If there's any topic that can get a crowd of comic fans talking, it's the attempt by publishers to add diversity to comics. And recently, that buzz has often focused on efforts to represent gays and lesbians in the traditionally straight world of superheroes.
It certainly isn't a new issue, since gay comic book characters have been around for decades. But only in the last few years have they begun to show up in some of the more high-profile books. Whether it's Marvel's introduction of two gay teens in Young Avengers or the media attention garnered by DC's "lipstick lesbian" Batwoman, the past few years have put a spotlight on the introduction of homosexual characters to the more mainstream comics in the Marvel and DC universes.
In Part 3 of our look at "Hot Button Topics" in 2011, we explore this topic by looking specifically at one of this month's comics: Starman/Congorilla #1. Although we'll look at the subject of diversity in more detail tomorrow, for this installment, Newsarama talked with writer James Robinson about the low-key introduction of a gay superhero to one of the most high-profile teams in the DC Universe, the Justice League of America.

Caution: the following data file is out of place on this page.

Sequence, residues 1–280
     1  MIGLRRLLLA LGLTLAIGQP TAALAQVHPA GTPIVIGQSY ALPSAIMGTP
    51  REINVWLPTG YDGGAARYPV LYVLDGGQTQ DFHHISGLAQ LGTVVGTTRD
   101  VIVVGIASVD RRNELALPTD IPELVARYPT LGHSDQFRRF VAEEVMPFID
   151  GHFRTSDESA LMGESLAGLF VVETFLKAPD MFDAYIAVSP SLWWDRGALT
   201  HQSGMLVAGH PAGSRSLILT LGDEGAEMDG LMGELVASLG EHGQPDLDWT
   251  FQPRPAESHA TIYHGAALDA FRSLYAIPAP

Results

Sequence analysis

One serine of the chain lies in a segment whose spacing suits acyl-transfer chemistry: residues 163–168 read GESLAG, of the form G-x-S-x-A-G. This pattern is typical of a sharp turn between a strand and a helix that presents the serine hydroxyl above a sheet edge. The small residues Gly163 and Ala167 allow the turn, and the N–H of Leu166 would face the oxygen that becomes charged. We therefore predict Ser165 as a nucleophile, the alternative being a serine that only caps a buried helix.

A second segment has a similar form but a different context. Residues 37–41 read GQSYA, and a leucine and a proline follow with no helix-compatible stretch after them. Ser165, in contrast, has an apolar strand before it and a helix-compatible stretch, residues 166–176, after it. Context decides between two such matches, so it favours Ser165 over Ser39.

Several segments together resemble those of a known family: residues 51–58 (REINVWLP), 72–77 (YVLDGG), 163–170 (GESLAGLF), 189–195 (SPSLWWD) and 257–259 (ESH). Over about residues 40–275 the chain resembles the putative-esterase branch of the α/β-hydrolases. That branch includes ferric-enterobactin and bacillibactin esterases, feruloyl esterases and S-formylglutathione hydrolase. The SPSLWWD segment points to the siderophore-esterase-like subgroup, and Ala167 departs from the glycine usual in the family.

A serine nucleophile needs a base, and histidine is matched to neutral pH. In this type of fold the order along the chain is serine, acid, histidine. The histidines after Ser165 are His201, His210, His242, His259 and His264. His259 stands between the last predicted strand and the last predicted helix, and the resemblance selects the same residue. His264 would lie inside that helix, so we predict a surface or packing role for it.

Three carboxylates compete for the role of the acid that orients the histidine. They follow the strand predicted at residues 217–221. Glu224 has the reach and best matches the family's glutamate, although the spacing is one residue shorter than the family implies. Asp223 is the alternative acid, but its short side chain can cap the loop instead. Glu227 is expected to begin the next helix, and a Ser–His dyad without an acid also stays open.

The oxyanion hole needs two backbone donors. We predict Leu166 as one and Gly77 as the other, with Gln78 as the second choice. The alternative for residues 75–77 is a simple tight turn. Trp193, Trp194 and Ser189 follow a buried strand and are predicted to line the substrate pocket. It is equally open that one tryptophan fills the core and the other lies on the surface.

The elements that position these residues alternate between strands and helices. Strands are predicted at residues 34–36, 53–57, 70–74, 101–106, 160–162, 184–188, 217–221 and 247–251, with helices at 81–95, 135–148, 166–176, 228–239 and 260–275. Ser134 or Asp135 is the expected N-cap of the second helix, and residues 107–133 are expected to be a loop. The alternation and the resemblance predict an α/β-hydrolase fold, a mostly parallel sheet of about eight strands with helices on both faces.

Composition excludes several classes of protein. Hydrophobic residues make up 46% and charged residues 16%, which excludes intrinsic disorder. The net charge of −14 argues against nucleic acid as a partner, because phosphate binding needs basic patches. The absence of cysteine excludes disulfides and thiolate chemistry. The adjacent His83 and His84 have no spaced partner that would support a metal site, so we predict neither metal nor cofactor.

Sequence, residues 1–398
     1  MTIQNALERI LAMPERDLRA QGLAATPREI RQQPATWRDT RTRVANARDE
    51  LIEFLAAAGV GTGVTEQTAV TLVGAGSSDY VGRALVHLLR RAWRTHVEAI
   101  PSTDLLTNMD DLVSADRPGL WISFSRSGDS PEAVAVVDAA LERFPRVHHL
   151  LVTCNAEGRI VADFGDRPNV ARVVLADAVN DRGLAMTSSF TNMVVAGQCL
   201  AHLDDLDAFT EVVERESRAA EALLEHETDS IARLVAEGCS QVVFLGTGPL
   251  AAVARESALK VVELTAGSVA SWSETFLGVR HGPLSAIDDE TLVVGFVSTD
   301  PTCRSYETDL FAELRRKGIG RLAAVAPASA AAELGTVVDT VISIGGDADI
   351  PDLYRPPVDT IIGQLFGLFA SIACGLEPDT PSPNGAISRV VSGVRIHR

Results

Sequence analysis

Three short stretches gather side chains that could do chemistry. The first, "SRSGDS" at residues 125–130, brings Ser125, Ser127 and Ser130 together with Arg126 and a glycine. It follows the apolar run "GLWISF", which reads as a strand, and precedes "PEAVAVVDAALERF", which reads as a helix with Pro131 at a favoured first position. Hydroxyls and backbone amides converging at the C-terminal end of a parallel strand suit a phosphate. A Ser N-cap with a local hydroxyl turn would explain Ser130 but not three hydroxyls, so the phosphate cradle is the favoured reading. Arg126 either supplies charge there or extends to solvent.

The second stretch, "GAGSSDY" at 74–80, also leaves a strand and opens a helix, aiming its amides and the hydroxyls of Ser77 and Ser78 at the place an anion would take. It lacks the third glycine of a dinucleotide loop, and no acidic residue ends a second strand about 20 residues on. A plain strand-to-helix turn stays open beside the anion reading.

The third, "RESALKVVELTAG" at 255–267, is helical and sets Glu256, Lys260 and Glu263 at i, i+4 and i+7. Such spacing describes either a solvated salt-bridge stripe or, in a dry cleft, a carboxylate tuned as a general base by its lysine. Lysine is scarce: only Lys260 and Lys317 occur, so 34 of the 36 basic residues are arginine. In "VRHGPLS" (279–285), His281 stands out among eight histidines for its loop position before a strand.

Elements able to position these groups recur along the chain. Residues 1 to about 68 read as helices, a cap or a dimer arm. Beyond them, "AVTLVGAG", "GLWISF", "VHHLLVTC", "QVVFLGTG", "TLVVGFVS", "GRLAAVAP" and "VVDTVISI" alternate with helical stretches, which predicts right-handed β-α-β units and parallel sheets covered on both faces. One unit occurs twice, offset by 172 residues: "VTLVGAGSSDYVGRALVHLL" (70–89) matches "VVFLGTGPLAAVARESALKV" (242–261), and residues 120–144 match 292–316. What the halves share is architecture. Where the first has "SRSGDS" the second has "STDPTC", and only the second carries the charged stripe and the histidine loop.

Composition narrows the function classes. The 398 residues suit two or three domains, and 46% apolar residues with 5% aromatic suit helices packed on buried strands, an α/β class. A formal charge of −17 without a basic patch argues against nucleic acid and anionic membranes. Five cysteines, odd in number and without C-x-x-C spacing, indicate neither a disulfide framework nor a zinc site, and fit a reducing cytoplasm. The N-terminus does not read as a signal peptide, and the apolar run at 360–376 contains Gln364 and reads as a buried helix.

A tie-in to Robinson's regular Justice League of America series, last week's Starman/Congorilla resurrected a gay superhero named Tasmanian Devil and established him as the boyfriend of Starman, a member of the JLA.
But of special interest in this interview is the fact that dealing with diversity can cut both ways. As Robinson reveals in the discussion, Tasmanian Devil's death was met with outrage by some readers who thought he was killed because he was gay.
But we've given Robinson a chance to discuss why Tasmanian Devil was killed then resurrected. And within the discussion, we also talked about the diversity he's representing in his Justice League, and the well-received yet fairly groundbreaking incorporation of a gay male superhero and his boyfriend as readers saw in last week's Starman/Congorilla.
Newsarama: James, now that the Starman/Congorilla special has been released, what motivated you to tell this story?
James Robinson: The Starman/Congorilla one-shot is one of those stories that I've been meaning to tell ever since Cry for Justice – well, actually, I knew this was coming even when I was writing Cry for Justice.